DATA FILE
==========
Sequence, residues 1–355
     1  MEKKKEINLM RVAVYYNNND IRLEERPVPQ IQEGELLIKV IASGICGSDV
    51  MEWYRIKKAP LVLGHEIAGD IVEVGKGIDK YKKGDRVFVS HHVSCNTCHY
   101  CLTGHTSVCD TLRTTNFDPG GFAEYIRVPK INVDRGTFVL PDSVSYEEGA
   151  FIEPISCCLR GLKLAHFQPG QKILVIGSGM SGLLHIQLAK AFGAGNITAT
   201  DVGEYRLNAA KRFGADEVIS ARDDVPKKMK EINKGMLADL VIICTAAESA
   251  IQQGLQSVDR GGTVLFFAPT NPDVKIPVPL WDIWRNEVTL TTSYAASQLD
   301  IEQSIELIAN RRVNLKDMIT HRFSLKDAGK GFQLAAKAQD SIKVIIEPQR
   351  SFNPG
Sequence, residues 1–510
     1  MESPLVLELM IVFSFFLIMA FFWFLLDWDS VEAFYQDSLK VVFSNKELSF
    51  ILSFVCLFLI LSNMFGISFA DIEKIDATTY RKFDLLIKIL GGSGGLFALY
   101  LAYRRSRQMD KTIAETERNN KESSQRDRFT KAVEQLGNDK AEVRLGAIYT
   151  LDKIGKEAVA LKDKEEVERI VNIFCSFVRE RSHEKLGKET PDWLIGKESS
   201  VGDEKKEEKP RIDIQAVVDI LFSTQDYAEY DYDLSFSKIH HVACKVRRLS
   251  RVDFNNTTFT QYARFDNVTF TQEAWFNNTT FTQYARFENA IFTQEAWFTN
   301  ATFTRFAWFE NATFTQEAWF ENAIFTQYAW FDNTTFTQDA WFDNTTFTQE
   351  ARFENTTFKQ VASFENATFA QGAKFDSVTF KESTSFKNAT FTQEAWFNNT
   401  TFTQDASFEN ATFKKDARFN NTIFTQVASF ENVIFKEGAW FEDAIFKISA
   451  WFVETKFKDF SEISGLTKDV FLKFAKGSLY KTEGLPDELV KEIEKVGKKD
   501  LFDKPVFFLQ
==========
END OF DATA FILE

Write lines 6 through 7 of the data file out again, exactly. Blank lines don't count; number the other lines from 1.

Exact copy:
   201  DVGEYRLNAA KRFGADEVIS ARDDVPKKMK EINKGMLADL VIICTAAESA
   251  IQQGLQSVDR GGTVLFFAPT NPDVKIPVPL WDIWRNEVTL TTSYAASQLD